Shifting heavy loads

08 October 2013

Al Dean and Tanya Weaver visit the UK headquarters of the world’s third largest manufacturer of construction equipment where the Bamford family manages a global operation of factories and design centres

Earlier this year JCB celebrated the production of its one millionth machine. If laid end to end that’s enough diggers to stretch from the UK all the way to Australia.

The 13 tonne JCB JS130 tracked excavator

The millionth machine, a 22 tonne JS220 tracked excavator, now takes pride of place in JCB’s Rocester HQ reception area, polished to within an inch of its life.

Not bad for a company that started out 67 years ago from the garage of Joseph Cyril Bamford.

Today its headquarters remain in North Staffordshire, not far from that garage in Uttoxeter, with Bamford’s eldest son, Sir Anthony Bamford, at the helm.

Originally supplying agricultural equipment, the company has diversified over the years and today manufactures over 300 products from excavators and backhoes to skid steer loaders, forklifts and even military vehicles.

These products, 75 per cent of which are exported to 150 countries across the world, are produced in 22 manufacturing plants – 11 in the UK and 11 overseas.

Following the establishment of its first overseas operation in India in 1979, still one of its biggest markets, the company has subsequently moved into Brazil, USA, China and Germany.

Sir Anthony Bamford claims that the reason JCB’s machines are so popular in a competitive global marketplace is due to continued innovation.

This innovation is the responsibility of the design team whose facilities and technologies rivals that of McLaren and Aston Martin.

Although we have to take their word for it because the brand new Rocester design studio is like Fort Knox with no press allowed access. Considering the substantial number of innovative new machines currently in development, this is understandable really.

Localised products


Being a global manufacturer means understanding the different markets the products are designed for and often tailoring them for specific localised users.

For instance, the Indian backhoe is localised with features that address its particular culture.

Due to this localisation, JCB has a number of regional design centres. In India there is a large one in Pune and a smaller design team located at its manufacturing plant in Delhi, which builds 100 backhoes a day – just for the Indian market.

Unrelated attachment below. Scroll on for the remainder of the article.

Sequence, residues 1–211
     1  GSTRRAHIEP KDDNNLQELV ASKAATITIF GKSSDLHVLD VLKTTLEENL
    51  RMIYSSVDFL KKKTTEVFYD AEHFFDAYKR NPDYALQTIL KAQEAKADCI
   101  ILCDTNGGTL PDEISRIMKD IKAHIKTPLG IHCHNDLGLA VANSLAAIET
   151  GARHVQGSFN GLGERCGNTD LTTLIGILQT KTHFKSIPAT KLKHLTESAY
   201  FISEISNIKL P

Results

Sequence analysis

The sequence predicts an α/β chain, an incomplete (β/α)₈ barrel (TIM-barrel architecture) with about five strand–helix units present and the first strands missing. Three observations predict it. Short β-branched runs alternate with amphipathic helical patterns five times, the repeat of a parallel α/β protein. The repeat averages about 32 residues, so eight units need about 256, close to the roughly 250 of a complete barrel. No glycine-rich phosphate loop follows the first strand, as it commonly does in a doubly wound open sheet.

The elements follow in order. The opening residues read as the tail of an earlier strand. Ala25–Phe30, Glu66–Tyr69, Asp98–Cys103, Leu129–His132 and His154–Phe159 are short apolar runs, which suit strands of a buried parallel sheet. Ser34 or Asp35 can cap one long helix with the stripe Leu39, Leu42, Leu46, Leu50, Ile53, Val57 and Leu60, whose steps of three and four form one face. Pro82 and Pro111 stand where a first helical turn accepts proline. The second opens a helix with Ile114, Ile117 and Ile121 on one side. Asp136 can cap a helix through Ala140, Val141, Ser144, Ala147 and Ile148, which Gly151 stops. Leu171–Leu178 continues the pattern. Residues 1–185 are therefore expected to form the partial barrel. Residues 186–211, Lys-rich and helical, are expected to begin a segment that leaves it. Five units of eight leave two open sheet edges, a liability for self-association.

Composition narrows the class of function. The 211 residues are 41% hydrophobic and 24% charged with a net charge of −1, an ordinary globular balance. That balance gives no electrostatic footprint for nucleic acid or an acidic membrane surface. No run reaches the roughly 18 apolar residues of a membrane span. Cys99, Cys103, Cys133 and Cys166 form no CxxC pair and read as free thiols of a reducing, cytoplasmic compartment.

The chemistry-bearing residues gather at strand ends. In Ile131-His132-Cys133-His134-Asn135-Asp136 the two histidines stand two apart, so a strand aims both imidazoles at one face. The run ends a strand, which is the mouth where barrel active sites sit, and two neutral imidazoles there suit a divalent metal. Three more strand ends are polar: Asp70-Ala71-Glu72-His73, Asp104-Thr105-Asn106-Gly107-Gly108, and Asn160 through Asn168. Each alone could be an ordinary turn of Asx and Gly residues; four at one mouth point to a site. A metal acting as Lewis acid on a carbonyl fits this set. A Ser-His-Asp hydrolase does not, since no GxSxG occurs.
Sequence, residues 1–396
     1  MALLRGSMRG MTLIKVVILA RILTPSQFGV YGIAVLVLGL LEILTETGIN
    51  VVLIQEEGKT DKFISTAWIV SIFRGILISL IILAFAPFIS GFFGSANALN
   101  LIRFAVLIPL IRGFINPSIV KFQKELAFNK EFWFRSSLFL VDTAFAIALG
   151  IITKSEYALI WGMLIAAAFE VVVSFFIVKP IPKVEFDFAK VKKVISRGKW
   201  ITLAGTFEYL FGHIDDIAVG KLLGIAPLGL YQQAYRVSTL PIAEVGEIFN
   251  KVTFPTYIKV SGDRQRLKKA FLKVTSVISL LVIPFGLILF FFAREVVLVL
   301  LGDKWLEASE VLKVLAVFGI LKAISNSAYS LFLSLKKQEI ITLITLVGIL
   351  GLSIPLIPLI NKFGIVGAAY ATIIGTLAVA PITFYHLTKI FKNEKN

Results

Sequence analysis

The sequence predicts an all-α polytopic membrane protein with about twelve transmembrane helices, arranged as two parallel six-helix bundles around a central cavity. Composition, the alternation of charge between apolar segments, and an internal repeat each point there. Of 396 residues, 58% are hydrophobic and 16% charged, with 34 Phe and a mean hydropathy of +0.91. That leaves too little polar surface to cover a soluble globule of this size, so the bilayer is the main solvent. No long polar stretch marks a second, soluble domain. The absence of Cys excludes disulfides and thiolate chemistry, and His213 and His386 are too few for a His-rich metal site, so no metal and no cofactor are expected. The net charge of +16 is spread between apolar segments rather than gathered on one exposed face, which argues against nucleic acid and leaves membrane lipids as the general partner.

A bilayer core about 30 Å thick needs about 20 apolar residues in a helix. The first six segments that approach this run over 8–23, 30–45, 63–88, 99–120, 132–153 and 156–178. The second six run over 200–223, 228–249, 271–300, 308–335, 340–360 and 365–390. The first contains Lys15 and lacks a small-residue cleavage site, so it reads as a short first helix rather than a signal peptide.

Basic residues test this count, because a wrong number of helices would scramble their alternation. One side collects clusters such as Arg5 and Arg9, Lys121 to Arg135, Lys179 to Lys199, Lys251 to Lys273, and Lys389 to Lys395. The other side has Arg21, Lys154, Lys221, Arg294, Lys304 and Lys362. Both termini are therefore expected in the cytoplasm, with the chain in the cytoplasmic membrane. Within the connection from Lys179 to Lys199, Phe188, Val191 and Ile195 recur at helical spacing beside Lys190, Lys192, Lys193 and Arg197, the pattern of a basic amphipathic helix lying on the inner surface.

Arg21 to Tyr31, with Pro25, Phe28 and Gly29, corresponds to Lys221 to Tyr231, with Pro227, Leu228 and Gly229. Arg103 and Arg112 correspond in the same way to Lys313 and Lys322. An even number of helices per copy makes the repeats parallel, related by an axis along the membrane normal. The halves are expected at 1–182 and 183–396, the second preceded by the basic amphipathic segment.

There is also a design team in the US who work on the skid steer machines as well as the military backhoes, which makes sense as these products are predominantly used in that market. Then both Shanghai and Germany have small design teams too.

Tools for the job

Although the industrial designers use Alias all the engineering and CAD is carried out in Siemens PLM Software NX and Teamcenter.

There are 600 users of NX across the group with just two staff in the Rocester HQ offering all the training and support.

“When we upgraded to NX 7.5 18 months ago, it was the busiest year of my working life as I flew out to the various locations and trained all the users,” comments JCB’s group CAD specialist.

In fact, he remembers helping to set up the Pune design centre back in 2006. At that time it consisted of just eight people, today there are 200 and in two years he predicts this will expand even further still.

As a result, a great deal of effort goes into training these engineers not least of all because a lot of them carry out the detailing work for the rest of the group.

“The full on engineers concentrate on the CAD work and farm out the drawings to the Pune design centre who do all the detailing and drawing packages for us. They’ll even release it on an engineering release workflow on Teamcenter,” explains JCB’s group CAD specialist.

However, in addition to CAD training, project leaders from the UK will actually go to Pune for anywhere between two weeks to three months to work in teams with the engineers over there.

Additionally, work permits allowing, the Indian engineers are brought over to work alongside the engineers in a particular business unit in the UK (such as JCB LandPower in Cheadle or JCB Heavy Products in Uttoxeter) for a six month period.

This is not only useful to forge relationships with their UK colleagues but to also experience the company culture, which they then take back with them. “It’s a really good way of a company this size when you are split across the globe to have that relationship and knowledge of what we are doing,” says JCB’s group CAD specialist.